Both brothers were impressed by their team’s uniforms that they wore on gameday this year with Navy honoring their fixed wing aviation jet, the F-18 Hornet.
“I think it’s been a while since they did an aviation-related uniform, so I know a lot of my friends back at the academy who want to be pilots and are hoping to get that for their service selection are stoked about it,” Jacob said. “I think it’s such a great uniform. When you think of Navy, you think Top Gun and going fast and landing on carriers.”
The Army uniform paid homage to Special Forces units who sacrificed so much post-9/11 and what they did in Afghanistan in the days, weeks and months after the War on Terrorism began.
“The War on Terror has always been a part of our lives, even before we were at the academies,” Josh said. “At the (U.S. Military Academy), we learned what Special Forces did and their impact on the War on Terror within Afghanistan and Iraq. I think it’s great to see this jersey honoring this special unit … since so much of the operations post-9/11 were conducted by Special Forces units, and to see them get that kind of respect and have that exposed to the world is great.
“And the fact the game is being played so close to Ground Zero, I think it’s both very symbolic and very powerful to the citizens of New York and New Jersey,” he added.
The one added bonus this year that the twins were looking forward to was Jacob being a part of the prisoner exchange that takes place on the field prior to kickoff where the exchange cadets and midshipmen enter back into their familiar territory for the game.
“With this year’s prisoner exchange, it’s going to be cool to see him march out there knowing he’s my brother,” Josh said.
Jacob anticipated joining his new company members, who he has yet to see this academic year.
“I’m in a totally new company and I’ve yet to meet them, so it’ll be nice to do the prisoner exchange and look forward to running back to the sea of midshipmen,” Jacob said. “It goes from sticking out at West Point to meeting my new company mates. It’ll be great to be back with the home team.”
This was also the first time their parents attended the Army-Navy Game.
“This is our first Army-Navy Game live, so we’re totally excited to experience the tradition and rivalry in person,” Jennifer said.
Dave said that he is like Switzerland, he takes no sides.
“I’ll be rooting for both teams equally,” Dave said. “When you have twins, you have to make sure you don’t play favorites — so I’m the kind of person who thinks everyone is a winner. I’m that mom who thinks everyone should get a participation trophy!”
The Epilogue into the Future
Dave and Jennifer, who have worked for a global Christian non-profit organization called Cru for 30-plus years each, are very proud of their children for their character and hard work they’ve displayed to get to this point in their lives and to see what the future holds for each of them.
“I’m incredibly excited for the leadership and development opportunities that they have been given and that are still before them,” Dave said. “We are unbelievably proud of the commitment they are making to serve their country. More importantly, I’m proud of the young men they are becoming. I think they will represent their country well.”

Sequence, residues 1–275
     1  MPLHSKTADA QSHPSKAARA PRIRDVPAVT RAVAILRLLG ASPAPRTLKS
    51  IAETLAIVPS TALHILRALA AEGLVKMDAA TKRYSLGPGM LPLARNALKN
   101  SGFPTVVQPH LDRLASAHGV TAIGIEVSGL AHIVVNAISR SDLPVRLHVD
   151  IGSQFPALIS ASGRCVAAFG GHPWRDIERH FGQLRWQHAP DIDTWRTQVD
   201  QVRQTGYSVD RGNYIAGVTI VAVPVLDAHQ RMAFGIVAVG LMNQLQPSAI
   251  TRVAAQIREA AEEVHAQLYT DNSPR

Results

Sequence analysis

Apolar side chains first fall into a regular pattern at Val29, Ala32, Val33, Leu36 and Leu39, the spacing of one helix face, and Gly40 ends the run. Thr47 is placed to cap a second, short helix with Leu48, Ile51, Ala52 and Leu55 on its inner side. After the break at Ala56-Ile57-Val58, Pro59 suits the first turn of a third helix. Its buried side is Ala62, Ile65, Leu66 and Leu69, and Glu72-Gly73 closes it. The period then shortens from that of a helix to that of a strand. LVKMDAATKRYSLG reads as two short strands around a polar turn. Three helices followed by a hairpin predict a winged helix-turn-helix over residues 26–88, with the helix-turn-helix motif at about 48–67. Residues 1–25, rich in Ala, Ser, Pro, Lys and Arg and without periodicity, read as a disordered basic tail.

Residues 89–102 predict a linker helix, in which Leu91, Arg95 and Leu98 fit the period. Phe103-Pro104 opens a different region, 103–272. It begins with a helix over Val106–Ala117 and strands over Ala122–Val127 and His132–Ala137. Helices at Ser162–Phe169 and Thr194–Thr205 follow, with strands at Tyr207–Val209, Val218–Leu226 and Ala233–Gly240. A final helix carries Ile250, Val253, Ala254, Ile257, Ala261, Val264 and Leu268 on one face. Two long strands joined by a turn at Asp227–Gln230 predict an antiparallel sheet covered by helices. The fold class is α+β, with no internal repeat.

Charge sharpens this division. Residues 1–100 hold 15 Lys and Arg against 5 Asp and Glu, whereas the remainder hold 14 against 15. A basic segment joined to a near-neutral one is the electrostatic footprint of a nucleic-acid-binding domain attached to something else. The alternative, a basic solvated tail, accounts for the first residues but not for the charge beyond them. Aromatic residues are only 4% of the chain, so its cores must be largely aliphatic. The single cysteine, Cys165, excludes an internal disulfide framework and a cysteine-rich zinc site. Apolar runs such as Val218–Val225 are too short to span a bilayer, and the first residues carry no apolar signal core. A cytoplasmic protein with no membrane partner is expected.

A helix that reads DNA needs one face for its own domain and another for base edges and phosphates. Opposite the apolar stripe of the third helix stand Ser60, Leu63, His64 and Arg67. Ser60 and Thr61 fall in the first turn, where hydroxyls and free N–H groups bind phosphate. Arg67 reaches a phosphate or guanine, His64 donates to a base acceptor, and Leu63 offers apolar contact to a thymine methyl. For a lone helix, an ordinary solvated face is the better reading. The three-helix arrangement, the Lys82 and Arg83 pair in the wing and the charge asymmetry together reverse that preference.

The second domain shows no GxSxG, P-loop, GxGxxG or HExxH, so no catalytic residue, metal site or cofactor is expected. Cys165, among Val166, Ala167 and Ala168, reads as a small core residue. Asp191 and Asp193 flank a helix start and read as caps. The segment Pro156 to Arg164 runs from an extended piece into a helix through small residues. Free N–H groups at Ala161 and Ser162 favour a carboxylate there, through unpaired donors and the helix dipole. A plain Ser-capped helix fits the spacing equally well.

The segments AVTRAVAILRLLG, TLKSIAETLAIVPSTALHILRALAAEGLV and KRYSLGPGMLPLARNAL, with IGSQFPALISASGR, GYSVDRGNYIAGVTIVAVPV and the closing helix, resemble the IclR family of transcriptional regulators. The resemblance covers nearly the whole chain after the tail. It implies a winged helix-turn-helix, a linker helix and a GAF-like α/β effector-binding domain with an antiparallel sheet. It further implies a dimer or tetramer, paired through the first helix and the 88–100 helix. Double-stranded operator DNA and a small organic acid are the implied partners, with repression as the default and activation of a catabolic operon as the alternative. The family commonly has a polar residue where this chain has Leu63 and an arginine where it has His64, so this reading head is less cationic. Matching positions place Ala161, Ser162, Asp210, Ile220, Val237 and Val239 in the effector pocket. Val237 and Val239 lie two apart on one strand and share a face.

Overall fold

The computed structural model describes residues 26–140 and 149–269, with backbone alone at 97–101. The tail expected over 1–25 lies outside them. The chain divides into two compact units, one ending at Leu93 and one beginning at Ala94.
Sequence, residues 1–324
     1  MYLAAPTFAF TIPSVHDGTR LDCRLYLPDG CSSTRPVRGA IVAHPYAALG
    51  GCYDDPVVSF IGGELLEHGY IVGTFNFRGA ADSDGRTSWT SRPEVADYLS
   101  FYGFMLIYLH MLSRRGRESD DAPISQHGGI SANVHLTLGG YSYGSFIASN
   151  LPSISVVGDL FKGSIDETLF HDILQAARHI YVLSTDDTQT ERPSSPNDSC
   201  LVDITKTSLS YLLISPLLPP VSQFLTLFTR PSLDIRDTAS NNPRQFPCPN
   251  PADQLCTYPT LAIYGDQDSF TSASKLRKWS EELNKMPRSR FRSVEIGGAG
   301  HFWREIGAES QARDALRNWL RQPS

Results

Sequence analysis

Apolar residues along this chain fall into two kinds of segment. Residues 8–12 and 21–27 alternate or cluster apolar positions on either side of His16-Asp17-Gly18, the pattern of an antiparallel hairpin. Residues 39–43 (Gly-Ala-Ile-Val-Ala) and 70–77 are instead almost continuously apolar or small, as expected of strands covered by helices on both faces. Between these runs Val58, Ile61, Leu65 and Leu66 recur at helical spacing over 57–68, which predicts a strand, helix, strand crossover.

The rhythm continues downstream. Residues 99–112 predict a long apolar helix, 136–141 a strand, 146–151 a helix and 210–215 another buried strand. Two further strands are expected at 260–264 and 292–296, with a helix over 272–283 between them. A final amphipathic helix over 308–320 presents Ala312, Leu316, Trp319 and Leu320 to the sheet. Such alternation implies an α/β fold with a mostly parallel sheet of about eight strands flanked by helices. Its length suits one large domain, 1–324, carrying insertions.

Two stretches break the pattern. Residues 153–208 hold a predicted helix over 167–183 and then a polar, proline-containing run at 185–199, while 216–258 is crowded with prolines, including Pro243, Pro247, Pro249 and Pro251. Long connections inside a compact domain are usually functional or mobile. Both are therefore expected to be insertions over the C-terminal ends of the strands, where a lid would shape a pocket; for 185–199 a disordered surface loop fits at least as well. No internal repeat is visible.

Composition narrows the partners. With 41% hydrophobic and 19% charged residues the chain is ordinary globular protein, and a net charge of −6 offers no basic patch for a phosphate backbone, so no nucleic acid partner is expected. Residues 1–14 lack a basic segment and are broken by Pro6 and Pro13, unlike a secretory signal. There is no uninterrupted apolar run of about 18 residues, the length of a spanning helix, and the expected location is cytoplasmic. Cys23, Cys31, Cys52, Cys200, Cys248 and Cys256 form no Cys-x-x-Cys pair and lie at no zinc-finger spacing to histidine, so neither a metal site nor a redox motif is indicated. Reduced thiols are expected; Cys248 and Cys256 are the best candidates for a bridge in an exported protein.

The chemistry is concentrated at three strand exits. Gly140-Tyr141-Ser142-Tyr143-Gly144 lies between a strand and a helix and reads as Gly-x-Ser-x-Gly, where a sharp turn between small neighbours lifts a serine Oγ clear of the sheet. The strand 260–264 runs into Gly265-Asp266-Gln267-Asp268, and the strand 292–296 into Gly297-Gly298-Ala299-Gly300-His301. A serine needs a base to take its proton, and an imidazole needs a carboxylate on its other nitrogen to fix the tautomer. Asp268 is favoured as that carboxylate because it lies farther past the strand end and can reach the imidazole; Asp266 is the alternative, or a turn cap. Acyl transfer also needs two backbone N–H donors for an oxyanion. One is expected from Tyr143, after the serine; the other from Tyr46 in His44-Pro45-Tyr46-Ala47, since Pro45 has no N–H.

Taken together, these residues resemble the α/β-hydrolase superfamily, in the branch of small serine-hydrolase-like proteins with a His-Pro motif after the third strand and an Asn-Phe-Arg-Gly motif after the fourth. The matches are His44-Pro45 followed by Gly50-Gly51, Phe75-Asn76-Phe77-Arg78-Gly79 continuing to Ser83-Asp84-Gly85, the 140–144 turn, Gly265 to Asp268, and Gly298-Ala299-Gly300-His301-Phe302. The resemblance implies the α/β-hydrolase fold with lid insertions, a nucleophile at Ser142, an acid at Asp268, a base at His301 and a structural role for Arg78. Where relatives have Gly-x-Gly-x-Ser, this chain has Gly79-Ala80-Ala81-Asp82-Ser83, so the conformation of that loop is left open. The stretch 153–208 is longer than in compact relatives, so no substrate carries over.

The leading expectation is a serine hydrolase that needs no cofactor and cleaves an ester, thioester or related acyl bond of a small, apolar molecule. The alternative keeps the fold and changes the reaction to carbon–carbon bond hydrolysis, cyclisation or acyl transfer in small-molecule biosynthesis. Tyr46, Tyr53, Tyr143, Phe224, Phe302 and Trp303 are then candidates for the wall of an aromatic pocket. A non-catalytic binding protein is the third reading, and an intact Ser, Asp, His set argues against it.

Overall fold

While they are still three full semesters, or a year and a half, away from graduation, they are excited about their future ahead while knowing not to be complacent about where they are at.
“I know one thing (former Commandant of Cadets, Brig.) Gen. (Curtis) Buzzard used to say is, ‘you can be proud of yourself, but never be satisfied,” Josh said. “Coming to West Point, with all the opportunities I’ve had or all the great people I’ve been able to meet, I’m definitely proud where I am, but I’m always looking forward toward the future and looking at ways to improve myself and what I can do to set myself up for the future.”
Knowing the sacrifices his grandfather made as a member of the Navy, Josh said it makes him proud to know that he’ll be a part of the Army profession and his brother with the Navy.
“I think it’s cool knowing that we’re contributing to the same goal of protecting America and keeping its freedoms available to everyone,” Josh said. “It makes me proud to know that him and the Naval Academy are contributing to the same goal as West Point and the Corps of Cadets.”
Jacob piggybacked off of Josh’s thoughts by saying, “I think we take all the privileges the country offers us for granted or the sacrifices that other people made … what I want to do in the Navy is make sure that the people in the United Sates are able to maintain those freedoms. I want to give back to the country that has given me so much.
“I want to make sure I’m not there to ride the benefits of someone else’s work,” he added. “I want to make sure I’m contributing so others can have those same benefits as I’ve enjoyed my entire life.”
And despite the rivalry that Army and Navy brings to the field, there is the respect that is recognized by all involved once the games are done and the work as service members begins.
“At the end of the day, we may give each other a bit of flak … but we appreciate what the other is doing,” Jacob said. “For one day, we are rivals, but at the end of the day, we are on the same team. Sometimes, for as much as I would like to say Navy is better, I appreciate what the Army does.”
(Editorʼs note: The tense of this story changes at times due to the interviews with the Lowe brothers taking place prior to the Army-Navy Game and the story appearing post the Army-Navy Game.)